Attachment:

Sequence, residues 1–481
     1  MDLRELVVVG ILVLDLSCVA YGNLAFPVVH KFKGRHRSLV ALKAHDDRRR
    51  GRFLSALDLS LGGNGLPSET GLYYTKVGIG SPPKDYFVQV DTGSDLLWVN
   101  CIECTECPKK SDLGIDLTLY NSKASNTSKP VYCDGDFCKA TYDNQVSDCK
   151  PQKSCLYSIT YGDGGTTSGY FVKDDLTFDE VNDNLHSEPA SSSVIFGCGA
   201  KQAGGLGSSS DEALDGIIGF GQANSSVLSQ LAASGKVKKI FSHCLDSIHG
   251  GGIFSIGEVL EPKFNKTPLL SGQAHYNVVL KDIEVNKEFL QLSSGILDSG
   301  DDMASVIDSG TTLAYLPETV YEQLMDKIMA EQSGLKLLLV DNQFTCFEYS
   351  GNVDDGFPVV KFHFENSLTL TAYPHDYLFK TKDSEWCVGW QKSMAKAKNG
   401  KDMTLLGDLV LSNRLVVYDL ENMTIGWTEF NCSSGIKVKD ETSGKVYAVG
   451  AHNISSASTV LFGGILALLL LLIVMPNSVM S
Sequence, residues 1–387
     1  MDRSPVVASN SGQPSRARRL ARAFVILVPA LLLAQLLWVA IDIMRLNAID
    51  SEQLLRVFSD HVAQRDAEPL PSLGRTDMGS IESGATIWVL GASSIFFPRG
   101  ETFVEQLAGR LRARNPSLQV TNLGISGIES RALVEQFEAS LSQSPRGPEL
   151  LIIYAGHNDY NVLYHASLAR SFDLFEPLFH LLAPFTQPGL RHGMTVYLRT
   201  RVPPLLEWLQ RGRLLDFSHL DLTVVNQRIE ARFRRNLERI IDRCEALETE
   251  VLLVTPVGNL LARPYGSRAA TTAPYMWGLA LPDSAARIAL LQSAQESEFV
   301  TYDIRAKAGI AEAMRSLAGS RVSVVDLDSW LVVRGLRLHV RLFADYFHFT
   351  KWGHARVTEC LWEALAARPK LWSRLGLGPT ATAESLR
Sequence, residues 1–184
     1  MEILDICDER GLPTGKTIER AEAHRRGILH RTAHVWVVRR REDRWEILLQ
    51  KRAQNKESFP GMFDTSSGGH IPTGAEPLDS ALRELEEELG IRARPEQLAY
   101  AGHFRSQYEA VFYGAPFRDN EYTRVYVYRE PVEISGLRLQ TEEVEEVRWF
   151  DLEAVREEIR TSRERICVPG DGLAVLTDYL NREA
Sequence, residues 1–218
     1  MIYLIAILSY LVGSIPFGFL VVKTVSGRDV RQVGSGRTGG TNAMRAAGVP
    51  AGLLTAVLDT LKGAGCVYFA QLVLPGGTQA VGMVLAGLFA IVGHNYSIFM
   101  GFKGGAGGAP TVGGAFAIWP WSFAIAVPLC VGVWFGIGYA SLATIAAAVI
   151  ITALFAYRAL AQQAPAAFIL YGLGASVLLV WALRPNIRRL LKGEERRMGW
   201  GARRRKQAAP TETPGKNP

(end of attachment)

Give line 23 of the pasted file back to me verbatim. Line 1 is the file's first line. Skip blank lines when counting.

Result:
    51  KRAQNKESFP GMFDTSSGGH IPTGAEPLDS ALRELEEELG IRARPEQLAY